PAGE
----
When an ambulance is dispatched in Illinois to help the victim of a car crash, shooting or heart attack, the paramedics who arrive don't ask — and are prohibited by law from considering — whether that person has a certain kind of health insurance or no coverage at all.
Ambulance services can't discriminate when it comes to relieving patients' suffering. But the state's ongoing backlog of bills is inflicting financial pain on ambulance providers if those patients are covered by Illinois' Medicaid program or the group health-insurance program for state employees, retirees and dependents.
"Nobody seems to care," said Andrew Thornton, the Illinois State Ambulance Association's chairman for governmental affairs.
Delays of six months to a year for Medicaid payments, and delays of more than a year for state employee insurance, have prompted ambulance services to borrow money to make payroll. The delays, on top of already inadequate Medicaid payments, also have depressed salaries for ambulance crew members and made it harder to replace aging equipment, emergency medical service officials say.
Though there's no hard data, there are anecdotal reports that the cash-flow problems have resulted in fewer ambulances on the road and longer response times, Thornton said. Delays in medical attention can result in death and in long-term health consequences for those who survive, he said. "
There is a human cost involved, but it's hard to quantify," said Thornton, a paramedic who lives in Springfield and directs the not-for-profit Fulton County Emergency Medical Association.
The 400 to 500 ambulance services in Illinois operate under a variety of structures. Some are part of city or village government, some are not-for-profit organizations that contract with local governments, and some are private companies that may be dispatched to "911" emergency calls by government-operated call centers. But when they bill for services, many are suffering because of payment delays.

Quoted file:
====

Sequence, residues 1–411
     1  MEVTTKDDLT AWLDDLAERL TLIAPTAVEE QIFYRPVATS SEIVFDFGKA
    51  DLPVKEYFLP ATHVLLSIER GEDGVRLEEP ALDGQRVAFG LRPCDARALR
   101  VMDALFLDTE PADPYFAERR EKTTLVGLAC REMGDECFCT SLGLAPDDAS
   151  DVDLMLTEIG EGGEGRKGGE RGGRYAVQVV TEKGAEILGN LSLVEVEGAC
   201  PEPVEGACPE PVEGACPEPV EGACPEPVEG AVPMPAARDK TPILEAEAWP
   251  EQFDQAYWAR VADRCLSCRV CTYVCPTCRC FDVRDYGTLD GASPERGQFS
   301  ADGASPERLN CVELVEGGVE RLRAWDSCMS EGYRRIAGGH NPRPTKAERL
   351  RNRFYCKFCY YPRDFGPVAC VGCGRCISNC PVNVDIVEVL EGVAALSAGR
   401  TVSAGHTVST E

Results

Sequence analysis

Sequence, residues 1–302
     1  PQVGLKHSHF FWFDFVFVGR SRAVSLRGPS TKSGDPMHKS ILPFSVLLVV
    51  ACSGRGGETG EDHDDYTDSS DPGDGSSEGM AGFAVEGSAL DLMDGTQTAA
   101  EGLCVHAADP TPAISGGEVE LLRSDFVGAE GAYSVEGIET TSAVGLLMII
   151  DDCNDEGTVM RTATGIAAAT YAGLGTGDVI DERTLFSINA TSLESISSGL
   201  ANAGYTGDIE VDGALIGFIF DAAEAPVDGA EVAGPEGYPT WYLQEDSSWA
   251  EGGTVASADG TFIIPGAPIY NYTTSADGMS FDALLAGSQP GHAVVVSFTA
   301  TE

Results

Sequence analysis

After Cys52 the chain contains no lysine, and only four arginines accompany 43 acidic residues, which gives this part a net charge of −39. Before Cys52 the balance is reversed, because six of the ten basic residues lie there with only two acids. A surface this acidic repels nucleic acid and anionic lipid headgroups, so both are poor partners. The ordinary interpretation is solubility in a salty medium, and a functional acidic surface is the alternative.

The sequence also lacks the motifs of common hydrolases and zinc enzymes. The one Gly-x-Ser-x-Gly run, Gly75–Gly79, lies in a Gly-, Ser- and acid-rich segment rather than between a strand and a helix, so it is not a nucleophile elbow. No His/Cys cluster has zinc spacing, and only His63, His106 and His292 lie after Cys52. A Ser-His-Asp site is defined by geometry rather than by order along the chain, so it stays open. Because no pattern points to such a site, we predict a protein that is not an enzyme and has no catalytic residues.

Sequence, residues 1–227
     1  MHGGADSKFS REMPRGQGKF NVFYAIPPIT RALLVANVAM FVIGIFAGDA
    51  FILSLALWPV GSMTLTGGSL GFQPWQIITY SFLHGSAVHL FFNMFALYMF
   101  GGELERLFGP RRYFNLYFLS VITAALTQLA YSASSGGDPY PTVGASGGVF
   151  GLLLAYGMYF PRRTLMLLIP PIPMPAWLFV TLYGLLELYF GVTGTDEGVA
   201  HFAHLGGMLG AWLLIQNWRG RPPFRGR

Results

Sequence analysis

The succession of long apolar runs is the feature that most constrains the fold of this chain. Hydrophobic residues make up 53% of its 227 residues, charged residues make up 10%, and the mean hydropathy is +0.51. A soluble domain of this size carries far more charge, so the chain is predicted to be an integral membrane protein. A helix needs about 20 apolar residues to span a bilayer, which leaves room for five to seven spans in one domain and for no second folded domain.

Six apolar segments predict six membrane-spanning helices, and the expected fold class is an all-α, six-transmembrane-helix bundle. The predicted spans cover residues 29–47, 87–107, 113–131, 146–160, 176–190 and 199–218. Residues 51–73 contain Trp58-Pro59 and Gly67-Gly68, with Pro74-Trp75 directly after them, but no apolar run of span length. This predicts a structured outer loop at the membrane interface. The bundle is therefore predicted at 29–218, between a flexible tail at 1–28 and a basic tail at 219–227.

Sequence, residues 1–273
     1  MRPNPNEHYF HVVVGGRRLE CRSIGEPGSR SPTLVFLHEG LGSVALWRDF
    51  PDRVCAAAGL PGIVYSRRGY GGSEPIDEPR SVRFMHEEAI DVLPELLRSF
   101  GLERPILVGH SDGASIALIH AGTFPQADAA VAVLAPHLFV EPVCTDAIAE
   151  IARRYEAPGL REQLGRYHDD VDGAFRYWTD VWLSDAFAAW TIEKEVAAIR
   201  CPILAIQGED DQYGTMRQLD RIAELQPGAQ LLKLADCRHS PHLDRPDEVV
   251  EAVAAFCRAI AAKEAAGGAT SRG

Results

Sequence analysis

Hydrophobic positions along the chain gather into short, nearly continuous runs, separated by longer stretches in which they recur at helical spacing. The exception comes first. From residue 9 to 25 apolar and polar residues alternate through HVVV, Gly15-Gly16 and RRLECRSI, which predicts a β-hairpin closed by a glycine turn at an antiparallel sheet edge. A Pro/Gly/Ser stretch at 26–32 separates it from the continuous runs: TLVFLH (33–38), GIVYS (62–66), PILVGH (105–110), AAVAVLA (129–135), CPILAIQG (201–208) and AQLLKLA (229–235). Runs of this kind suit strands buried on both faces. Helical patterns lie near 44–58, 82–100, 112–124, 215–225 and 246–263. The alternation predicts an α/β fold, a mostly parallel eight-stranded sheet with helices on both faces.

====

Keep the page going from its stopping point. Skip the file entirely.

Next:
"There are complaints everywhere," said Van Prater, chief paramedic for the Springfield division of LifeStar Ambulance Service Inc., one of three for-profit ambulance companies serving Sangamon County.
At LifeStar, where at least one-third of patients are covered by either Medicaid or state insurance, the state owes the company "a few hundred-thousand dollars," according to LifeStar billing manager Julia Pate.
Payment delays have prevented the company from purchasing the latest cardiac monitors, which automatically measure blood pressure rather than having a paramedic manually inflate an arm cuff, Prater said. And when an ambulance needs to be replaced, he said, "You go with a not-so-fancy unit."
At Springfield's America Ambulance, where the clientele covered by the state through private insurance or Medicaid is similar, the state owes more than $330,000 — some of it for services provided 14 months ago, office manager Carla Berg said. The oldest bills covered by the state's self-funded Quality Care plan, which is administered by Cigna, she said.
Page 2 of 3 - The late payments have resulted in America Ambulance replacing its ambulances less often, which costs the business more for repairs and fuel for older, less-efficient vehicles, America owner Susan Zappa said.
In 2012, the state paid America $7,000 just for interest on late payments. As a taxpayer, Zappa said she considers that a "sickening" waste of state revenues.
Delays in state payments began to get worse in 2009 and 2010 and are closely related to the economic downturn, Thornton said. The impact of the delays was magnified in July, when a 2.7 percent Medicaid rate cut imposed by Gov. Pat Quinn and the General Assembly took effect for most services provided by ambulance crews.
That cut, on top of a 6 percent Medicaid rate cut in 2002, rolled the rates back to levels paid in the 1990s, Thornton said.
An ambulance trip and aggressive medical services provided by paramedics might generate a $700 to $900 payment from private insurance but less than $300 from Medicaid, Berg said.